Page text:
Remember the name Desiree Akhavan. You’re going to be hearing it a lot in the future.
Like the HBO show, the movie follows a 20-something New Yorker adrift, fumbling her way through social interactions and breakups, family get-togethers and job interviews. But in this case, Akhavan’s Shirin is bisexual and Iranian, which adds another compelling layer to the narrative. Shirin is very close to her family — her teasing interactions with her parents and brother are some of the movie’s funniest highlights — but she remains in the closet, even giving her parents absurd explanations for why she and her live-in girlfriend share a bed.
“Appropriate Behavior” begins with a breakup. Shirin rides the subway looking morose, and the movie intercuts the character’s painful road to acceptance with flashbacks to the highs and lows of the relationship, always giving us a little more information about why Shirin and Maxine (Rebecca Henderson) were never really meant to be.
The movie has a low-budget and haphazard feel, much the same way Dunham’s “Tiny Furniture” did, and it seems poised to become a similar cult classic for young urbanites. Viewers in that demographic might find themselves nodding in agreement with Shirin’s underwhelming OkCupid dates and less-than-ideal living arrangements (after the breakup, she moves into a group house with a couple of eccentric artists).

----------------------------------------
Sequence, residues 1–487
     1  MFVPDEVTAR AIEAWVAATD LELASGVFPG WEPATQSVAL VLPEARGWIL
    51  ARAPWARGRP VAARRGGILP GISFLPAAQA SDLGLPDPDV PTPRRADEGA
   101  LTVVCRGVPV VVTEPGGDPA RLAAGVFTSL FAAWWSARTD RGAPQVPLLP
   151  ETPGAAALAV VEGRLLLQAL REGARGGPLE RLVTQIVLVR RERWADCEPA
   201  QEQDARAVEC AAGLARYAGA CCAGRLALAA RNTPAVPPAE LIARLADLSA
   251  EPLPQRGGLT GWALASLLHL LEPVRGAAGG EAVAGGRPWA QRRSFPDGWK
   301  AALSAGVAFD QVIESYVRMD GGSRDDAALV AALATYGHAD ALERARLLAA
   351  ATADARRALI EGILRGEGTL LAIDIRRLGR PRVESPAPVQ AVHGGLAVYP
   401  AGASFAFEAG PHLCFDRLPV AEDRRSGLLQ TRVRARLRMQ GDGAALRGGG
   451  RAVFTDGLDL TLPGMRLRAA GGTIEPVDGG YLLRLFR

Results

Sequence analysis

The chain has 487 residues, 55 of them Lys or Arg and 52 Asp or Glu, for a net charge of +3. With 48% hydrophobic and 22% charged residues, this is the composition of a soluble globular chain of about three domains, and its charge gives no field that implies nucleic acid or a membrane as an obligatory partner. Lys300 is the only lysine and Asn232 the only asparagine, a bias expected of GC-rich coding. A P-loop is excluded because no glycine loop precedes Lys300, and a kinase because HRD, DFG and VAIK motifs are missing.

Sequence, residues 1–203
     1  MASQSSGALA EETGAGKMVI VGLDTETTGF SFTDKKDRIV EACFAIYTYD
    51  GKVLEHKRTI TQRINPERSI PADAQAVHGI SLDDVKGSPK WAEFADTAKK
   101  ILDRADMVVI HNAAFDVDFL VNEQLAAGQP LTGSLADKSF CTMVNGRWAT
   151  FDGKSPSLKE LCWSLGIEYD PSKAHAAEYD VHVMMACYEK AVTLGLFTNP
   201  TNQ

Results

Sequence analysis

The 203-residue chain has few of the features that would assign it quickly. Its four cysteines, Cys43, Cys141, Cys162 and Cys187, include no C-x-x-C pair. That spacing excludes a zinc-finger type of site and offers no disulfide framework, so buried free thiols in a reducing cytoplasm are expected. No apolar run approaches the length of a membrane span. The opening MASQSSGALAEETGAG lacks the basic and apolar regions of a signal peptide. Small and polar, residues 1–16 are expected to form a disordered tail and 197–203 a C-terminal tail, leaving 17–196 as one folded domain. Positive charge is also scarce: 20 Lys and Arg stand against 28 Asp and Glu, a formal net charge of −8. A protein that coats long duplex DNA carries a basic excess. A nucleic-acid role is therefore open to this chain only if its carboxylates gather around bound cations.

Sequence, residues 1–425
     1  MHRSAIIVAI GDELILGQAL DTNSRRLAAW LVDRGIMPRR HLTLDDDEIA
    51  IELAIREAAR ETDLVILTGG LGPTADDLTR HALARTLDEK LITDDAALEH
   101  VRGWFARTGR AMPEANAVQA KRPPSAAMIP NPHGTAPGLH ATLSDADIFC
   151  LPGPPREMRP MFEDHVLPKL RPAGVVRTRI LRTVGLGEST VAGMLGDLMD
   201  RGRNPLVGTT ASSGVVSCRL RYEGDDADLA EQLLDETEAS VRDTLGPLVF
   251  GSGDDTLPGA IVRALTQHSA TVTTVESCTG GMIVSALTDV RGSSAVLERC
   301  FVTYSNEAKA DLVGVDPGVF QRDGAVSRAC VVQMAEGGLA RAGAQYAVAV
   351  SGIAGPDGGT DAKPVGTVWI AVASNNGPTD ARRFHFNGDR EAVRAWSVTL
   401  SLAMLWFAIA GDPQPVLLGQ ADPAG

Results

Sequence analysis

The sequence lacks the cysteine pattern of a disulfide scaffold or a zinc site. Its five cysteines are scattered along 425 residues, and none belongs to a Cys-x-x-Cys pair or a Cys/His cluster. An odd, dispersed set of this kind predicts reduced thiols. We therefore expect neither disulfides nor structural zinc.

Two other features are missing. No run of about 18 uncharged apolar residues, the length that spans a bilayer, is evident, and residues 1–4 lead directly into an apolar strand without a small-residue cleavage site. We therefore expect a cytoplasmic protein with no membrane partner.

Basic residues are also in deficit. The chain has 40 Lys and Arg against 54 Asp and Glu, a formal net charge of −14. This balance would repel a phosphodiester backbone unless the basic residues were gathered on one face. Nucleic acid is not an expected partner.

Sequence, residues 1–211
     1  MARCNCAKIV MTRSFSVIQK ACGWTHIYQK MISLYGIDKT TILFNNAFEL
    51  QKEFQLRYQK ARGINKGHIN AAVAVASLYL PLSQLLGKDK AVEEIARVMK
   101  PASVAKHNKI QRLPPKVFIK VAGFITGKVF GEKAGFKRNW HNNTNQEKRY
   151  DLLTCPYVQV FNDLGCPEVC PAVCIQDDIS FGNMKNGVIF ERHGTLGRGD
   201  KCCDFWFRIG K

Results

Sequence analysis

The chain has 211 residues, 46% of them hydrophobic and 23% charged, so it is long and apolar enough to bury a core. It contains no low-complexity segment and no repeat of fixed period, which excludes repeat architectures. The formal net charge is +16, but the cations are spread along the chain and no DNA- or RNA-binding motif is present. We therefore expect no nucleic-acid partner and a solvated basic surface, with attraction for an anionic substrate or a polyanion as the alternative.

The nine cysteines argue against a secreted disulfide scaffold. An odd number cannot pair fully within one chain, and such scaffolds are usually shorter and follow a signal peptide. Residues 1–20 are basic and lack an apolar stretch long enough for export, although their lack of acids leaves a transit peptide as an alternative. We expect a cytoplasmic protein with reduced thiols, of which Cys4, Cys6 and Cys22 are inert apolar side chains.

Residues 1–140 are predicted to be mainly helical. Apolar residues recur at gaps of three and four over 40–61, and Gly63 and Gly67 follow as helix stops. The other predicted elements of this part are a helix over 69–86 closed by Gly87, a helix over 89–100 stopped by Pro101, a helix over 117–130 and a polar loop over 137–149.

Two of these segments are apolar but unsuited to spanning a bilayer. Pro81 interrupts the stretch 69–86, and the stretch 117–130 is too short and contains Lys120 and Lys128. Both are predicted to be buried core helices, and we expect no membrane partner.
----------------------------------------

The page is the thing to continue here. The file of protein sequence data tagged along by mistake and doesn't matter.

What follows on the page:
Shirin is relentlessly self-effacing. When someone tells her she could be a model, she says, “Yeah, a before model for Accutane.” But Akhavan has great comic timing and a wonderful screen presence that, much like Dunham’s, is not at all self-conscious. In that same vein, Akhavan doesn’t shy from stripping down or putting herself into scenarios, sexual and otherwise, that will make some viewers squirm. (A scene involving a threesome comes to mind.)
But pushing the envelope is partly the point. Comedy today is less about punch lines and pratfalls and more about eliciting that laugh-gasp hybrid. And those jokes come constantly in “Appropriate Behavior.”
On paper, the movie seems like it might have only niche appeal. But this lesbian breakup comedy about a Persian woman with a serious case of arrested development will speak to a broad audience, specifically the one that’s glued to HBO every Sunday night. And that should be more than enough to launch Akhavan’s career.
★ ★ ★
Unrated. At West End Cinema. Contains strong language, nudity, drug use and sex. 90 minutes.